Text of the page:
What is Runner’s Knee?

Knee PainIf you suffer from knee pain, you may have a condition known as runner’s knee. This condition, technically termed “patellofemoral pain syndrome,” is most common among athletes, but can also occur in people who are less physically active. In addition to hindering an athlete’s performance, the pain and swelling associated with runner’s knee can make kneeling, climbing, and other everyday activities more difficult.

Causes and Symptoms of Runner’s Knee

Numerous factors can cause knee pain, the most common of them being:

  • Overuse;
  • Use of improper techniques or equipment when exercising;
  • A sudden change in intensity of physical activity;
  • Abnormal tracking of the kneecap.

If any of the above happens to you, it may lead to runner’s knee. Here’s how to tell if your knee pain is a result of this condition.

  • You experience pain while exercising or performing activities that require repeated bending of the knee.
  • Pain presents itself when you stand after sitting for a long period of time with your knees bent.
  • Pain worsens with a change in intensity level or conditions.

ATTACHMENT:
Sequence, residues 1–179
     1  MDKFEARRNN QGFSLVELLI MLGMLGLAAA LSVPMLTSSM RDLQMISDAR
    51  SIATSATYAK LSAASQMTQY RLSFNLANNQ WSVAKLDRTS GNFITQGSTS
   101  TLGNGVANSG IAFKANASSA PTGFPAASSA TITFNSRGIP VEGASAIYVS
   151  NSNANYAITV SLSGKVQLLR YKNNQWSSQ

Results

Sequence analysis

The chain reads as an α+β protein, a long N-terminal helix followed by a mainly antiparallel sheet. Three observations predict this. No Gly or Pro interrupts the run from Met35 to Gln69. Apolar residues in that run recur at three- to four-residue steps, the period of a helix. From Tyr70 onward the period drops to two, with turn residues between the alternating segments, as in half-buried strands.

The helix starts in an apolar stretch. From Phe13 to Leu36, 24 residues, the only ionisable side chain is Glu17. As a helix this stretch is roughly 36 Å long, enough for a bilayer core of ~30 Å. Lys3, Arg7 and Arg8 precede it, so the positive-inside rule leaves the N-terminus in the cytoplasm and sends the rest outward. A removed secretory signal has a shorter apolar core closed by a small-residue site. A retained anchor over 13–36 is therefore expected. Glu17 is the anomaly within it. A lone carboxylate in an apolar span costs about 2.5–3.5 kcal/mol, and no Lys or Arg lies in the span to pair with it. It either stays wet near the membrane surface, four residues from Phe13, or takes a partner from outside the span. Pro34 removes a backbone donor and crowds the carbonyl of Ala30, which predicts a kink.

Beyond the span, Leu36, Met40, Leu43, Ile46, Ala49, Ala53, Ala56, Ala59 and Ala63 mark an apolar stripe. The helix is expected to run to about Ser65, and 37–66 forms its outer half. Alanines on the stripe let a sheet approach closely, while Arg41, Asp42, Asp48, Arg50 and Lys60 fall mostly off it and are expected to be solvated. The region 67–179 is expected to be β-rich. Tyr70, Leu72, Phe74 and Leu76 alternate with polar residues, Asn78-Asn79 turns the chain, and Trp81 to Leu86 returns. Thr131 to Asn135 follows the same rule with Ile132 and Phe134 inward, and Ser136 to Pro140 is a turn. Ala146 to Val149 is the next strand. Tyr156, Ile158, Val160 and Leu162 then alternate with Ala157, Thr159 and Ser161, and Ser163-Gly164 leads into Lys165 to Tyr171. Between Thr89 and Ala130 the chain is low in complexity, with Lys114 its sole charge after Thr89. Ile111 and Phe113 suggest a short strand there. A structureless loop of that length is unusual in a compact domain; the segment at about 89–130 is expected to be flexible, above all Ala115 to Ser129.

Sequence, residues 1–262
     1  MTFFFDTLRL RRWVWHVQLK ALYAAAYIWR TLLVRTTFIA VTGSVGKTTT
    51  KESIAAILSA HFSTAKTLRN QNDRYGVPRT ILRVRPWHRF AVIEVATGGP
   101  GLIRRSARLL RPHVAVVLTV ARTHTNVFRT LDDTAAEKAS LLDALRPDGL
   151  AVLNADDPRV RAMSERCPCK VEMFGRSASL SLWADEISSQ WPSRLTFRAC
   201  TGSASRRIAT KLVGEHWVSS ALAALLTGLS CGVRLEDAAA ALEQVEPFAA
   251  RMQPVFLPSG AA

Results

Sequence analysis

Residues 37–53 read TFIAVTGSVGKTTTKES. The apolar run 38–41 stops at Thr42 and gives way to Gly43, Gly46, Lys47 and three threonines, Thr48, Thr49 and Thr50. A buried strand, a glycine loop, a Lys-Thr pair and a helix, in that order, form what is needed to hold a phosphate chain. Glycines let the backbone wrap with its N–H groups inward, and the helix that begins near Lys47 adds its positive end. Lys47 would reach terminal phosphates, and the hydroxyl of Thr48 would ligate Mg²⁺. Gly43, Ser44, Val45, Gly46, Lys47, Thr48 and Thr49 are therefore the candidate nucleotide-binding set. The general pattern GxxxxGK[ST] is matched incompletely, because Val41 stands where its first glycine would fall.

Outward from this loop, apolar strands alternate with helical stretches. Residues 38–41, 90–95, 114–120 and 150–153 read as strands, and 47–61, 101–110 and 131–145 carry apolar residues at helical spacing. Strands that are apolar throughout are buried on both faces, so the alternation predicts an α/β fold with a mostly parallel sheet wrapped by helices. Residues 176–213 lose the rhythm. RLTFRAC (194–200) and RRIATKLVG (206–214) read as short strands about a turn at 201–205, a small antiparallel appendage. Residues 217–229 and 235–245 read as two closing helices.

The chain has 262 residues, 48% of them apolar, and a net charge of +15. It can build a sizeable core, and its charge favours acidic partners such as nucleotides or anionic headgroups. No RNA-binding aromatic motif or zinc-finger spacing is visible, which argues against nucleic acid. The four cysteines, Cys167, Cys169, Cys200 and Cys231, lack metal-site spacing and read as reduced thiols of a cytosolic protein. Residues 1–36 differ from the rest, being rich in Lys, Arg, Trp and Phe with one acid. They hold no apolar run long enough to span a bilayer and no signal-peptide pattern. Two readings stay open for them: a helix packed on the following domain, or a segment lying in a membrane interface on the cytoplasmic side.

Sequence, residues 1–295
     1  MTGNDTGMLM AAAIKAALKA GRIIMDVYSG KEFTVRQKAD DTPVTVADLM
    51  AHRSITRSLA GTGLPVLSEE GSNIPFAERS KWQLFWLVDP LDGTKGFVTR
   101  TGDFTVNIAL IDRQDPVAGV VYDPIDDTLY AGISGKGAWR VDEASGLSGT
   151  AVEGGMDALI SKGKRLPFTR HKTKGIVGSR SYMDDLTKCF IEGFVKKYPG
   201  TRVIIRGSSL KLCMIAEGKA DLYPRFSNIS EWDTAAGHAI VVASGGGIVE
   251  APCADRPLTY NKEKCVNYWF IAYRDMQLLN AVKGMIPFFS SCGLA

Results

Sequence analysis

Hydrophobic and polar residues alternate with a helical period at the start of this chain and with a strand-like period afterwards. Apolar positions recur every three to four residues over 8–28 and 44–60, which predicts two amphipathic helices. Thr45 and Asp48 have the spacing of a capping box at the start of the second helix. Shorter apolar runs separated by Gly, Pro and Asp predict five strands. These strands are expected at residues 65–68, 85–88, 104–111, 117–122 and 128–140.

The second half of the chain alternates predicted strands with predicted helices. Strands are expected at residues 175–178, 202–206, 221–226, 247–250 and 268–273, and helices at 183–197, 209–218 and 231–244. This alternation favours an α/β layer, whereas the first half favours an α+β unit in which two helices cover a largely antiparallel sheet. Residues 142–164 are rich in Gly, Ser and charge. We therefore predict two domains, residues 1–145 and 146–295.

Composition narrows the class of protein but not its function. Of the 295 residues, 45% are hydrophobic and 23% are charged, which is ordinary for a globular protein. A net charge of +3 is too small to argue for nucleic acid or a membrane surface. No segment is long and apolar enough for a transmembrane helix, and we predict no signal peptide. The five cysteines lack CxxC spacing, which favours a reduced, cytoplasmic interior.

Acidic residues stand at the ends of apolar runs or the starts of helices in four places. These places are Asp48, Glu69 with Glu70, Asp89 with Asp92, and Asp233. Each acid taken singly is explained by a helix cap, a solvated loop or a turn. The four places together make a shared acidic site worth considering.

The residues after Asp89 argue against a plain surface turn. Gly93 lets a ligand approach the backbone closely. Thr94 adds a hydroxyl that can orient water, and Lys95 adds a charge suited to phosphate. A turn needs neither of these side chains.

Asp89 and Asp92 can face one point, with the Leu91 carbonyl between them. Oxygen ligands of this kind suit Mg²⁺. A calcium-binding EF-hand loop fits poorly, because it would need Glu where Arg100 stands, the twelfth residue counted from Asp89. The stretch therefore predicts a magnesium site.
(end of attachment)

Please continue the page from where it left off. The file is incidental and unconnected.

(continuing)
• You hear popping sounds in your knee when it bends.

These symptoms are signs that your knee pain needs immediate attention. It’s important to talk to an orthopedic professional as soon as possible when you experience any of the problems mentioned here. The specialist will evaluate your symptoms and discuss all treatment options with you, so that you can take care of the pain before it becomes a more serious issue.

Treating Runner’s Knee

The treatment your doctor decides is best for you depends on your specific condition, your activity level, and your overall health. If you seek medical help right away, your knee pain can easily be managed with these nonsurgical treatments:

  • Modification to your activities;
  • Rest, ice, compression, and elevation;
  • Medication;
  • Physical therapy;
  • Orthotics.

On the other hand, more serious conditions – or those that weren’t dealt with immediately – may require surgery.

At Specialty Orthopaedic Surgery, our experts examine your condition to determine the best course of action and get you back to living life. Reach out to us to learn more.

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